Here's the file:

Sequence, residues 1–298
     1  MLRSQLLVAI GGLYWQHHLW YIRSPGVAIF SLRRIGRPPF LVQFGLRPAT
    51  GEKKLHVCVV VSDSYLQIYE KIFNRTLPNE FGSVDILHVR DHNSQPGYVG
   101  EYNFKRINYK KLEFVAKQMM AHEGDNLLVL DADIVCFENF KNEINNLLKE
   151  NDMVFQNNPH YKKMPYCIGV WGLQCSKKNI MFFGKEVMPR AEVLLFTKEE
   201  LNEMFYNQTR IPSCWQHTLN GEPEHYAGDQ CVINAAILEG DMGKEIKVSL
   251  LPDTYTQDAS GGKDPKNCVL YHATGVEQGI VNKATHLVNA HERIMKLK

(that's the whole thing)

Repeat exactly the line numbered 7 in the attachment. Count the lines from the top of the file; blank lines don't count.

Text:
   251  LPDTYTQDAS GGKDPKNCVL YHATGVEQGI VNKATHLVNA HERIMKLK